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Things you get used to...

Things you get used to...

I had to rent an ICE vehicle yesterday to make the agonizing 6.5 hr, 180-mile rush hour(s) round trip from Sacramento to SF and back (company policy to rent at >150 mls in a day). This corridor at the wrong hours is a notorious fuster-cluck, with scarce free-acceleration opportunities. After having driven my X90D for a month, the differences between ICE and X were stark and painful.

- The X, with its TACC is the champion of comfort. In the relatively lower-end ICE car, having to have the foot and right leg in the relatively the same position, doing the minor repetitive task of alternating brake and gas for 6+ hours is notably painful if you're north of 50. Mostly the hip flexor suffers; but also the back of the right heel. Lower back and neck follow, in chain-reaction. Auto-steer, which would have been mostly available on the trip, was really missed;
- Noise. I now can't help but notice the sound and feel of the ICE engine and its audible, spongy strain from each stop to higher gears as it spins into its comfortable ratios. At every new start, I had the sense that the car is just too heavy for its available power. Cabin noise in the X is basically road/tire noise and relative wind. Not bad at all; even pleasant with the radio off.
- Pick up. You really get used to the on-demand power/acceleration at any speed. ICE car's bleating response, "Really? Right now?". Even in my wife's newer MBZ SUV, the hesitation between punching it and actual reaction now seems like an eternity. A noisy, strained eternity;
- Ride. I've got the 20" wheels on my X. IMHO, the general ride and suspension are really as good as any car I've owned over 3 decades and compares to luxury German cars I've had along the way.
- Entertainment. It's not fair to compare the rental to my car. But, for what it's worth, I've grown quite used to the myriad features at my fingertips (and voice control) and really missed these features for half my woken hours yesterday;
- Fuel. Searching for a gas station near my dropoff was no more/less painful than searching for an SC. Obviously, the fill-up time was only a few minutes (compared to the 5-sec plug and walk away, each night at home for 99.9% of my regular driving days).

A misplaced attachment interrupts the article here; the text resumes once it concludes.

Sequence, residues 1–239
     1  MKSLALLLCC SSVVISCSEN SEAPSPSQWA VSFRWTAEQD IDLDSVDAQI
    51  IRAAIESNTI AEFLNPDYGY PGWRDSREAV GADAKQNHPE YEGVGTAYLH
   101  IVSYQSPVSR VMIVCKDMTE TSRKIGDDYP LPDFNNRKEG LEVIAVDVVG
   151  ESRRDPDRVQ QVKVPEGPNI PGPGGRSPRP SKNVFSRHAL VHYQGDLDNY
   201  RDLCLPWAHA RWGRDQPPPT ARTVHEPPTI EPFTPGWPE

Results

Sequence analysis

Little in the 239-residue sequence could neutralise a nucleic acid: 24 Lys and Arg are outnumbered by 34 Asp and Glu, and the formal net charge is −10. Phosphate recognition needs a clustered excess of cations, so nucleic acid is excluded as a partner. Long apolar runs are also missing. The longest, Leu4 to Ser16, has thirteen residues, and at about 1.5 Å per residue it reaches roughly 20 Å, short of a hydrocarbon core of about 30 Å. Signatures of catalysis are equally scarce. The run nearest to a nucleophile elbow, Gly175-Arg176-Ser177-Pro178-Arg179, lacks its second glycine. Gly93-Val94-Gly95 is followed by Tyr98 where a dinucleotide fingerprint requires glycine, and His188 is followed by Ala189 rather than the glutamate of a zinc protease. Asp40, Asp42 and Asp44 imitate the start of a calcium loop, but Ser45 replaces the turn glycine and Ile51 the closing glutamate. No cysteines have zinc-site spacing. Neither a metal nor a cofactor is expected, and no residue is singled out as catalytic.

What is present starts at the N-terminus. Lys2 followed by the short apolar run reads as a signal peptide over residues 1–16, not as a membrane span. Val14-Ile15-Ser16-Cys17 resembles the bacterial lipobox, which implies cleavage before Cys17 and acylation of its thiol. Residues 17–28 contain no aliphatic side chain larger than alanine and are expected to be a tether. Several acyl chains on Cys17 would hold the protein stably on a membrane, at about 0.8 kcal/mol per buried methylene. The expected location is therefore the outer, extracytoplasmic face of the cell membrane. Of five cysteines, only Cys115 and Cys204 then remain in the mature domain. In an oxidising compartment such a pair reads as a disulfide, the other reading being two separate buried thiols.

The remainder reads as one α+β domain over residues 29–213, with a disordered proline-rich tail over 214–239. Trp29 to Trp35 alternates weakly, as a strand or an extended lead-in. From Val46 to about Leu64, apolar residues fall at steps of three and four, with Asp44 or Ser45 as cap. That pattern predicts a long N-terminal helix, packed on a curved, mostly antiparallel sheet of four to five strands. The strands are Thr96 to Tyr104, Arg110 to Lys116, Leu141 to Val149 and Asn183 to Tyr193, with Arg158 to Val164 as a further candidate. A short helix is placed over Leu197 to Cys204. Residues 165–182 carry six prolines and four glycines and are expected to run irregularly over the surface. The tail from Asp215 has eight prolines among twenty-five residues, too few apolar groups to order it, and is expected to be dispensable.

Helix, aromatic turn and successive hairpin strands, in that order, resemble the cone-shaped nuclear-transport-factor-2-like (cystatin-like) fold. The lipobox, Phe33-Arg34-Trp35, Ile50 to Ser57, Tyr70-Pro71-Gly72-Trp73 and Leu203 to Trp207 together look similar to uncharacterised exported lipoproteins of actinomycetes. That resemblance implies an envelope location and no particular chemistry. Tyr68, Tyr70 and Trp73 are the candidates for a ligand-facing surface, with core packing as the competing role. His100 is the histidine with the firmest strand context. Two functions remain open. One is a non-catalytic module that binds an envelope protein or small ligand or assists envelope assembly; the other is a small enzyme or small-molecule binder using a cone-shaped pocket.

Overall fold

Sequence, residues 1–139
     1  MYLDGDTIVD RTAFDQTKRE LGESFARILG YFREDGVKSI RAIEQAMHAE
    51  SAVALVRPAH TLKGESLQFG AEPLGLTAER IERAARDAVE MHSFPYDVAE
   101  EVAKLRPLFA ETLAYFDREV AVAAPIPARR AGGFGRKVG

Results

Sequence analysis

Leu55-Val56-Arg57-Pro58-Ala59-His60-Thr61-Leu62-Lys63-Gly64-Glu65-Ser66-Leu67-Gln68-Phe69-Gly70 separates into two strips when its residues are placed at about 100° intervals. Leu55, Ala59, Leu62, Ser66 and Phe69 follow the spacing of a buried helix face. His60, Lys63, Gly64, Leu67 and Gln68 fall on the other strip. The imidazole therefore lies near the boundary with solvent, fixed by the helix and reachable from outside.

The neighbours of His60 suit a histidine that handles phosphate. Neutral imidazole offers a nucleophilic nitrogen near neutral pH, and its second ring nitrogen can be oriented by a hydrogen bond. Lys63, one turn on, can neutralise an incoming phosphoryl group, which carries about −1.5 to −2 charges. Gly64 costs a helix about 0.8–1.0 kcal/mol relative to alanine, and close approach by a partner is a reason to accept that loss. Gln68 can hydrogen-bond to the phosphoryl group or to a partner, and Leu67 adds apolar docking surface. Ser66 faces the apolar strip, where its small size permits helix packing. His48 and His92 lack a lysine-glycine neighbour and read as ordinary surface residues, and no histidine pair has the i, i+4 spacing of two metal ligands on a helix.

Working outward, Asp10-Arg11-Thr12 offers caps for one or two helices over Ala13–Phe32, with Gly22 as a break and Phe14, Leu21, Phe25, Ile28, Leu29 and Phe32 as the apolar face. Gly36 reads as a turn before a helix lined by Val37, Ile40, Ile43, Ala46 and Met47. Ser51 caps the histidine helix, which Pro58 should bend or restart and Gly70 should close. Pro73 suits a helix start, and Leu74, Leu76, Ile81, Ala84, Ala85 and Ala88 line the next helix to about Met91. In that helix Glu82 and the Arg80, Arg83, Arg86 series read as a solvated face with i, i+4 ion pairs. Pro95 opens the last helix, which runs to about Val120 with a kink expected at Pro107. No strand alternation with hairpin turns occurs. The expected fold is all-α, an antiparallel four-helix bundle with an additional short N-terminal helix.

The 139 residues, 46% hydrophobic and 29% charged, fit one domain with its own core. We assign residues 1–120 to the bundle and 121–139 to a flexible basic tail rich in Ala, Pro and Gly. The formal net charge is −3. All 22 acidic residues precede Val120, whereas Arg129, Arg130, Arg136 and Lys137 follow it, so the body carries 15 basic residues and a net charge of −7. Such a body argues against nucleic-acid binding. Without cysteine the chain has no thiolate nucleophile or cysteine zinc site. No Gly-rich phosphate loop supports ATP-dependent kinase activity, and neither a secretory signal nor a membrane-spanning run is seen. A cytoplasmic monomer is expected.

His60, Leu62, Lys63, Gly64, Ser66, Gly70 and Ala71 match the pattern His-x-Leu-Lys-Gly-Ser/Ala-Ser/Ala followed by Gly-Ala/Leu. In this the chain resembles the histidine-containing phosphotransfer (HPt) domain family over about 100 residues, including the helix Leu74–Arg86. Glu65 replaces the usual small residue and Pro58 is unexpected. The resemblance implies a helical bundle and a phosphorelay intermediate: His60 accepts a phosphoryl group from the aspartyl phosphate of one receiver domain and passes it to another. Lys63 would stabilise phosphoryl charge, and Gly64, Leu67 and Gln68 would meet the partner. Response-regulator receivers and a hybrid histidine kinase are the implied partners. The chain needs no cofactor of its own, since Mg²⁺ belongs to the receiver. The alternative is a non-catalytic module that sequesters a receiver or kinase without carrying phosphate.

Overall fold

- Lastly, it's funny to now expect the dang door to open for me as I approach - and be irritated when it doesn't! Even having to fumble - briefcase and phone in hands - for the key fob and exert a button-push to unlock is now a minor insult.

darlin | March 3, 2017

Once you go EV, there is nothing else to see.

cica3838 | March 3, 2017

And it's like having your own "gas station" in your garage. What's better than that?!

MyXinTx | March 4, 2017

Well I had a different experience during a recent ICE rental.

While in N.C., I rented a Lincoln MKZ, since they were out of premium SUVs.

While there is no comparison in the auto-door present, huge display for Nav, powerful acceleration and the annoyance of the transmission shifting, I was remarkably impressed with the smoothness and the quiet of the ride on the highway above 65 MPH.

Between the soundproofing and the lack of the huge windshield, the highway ride of the suspension was much smoother than my Model X, and the lack of road and wind noise was a sobering reminder of the sacrifices made to own a Model X.

I even purchased Michelins after 2 months to replace the factory-supplied Continentals (with the foam liners, so "free" Conti-Silents), but this turned out to be no significant improvement. So essentially I just purchased my next set of wheels a few years in advance.

Still, I would keep my Model X and find contentment in the other features I have come to enjoy and cherish.

RealToast | March 5, 2017

@MyXinTx, good points. I should have made mention that I'm required to rent economy, standard, or intermediate cars. So, the best I can get into is, say, a Hyundai Elantra. Nonetheless, I prefer the ride, performance, and features to my wife's GLS 450 - a compliment to Tesla, not an insult to Mercedes.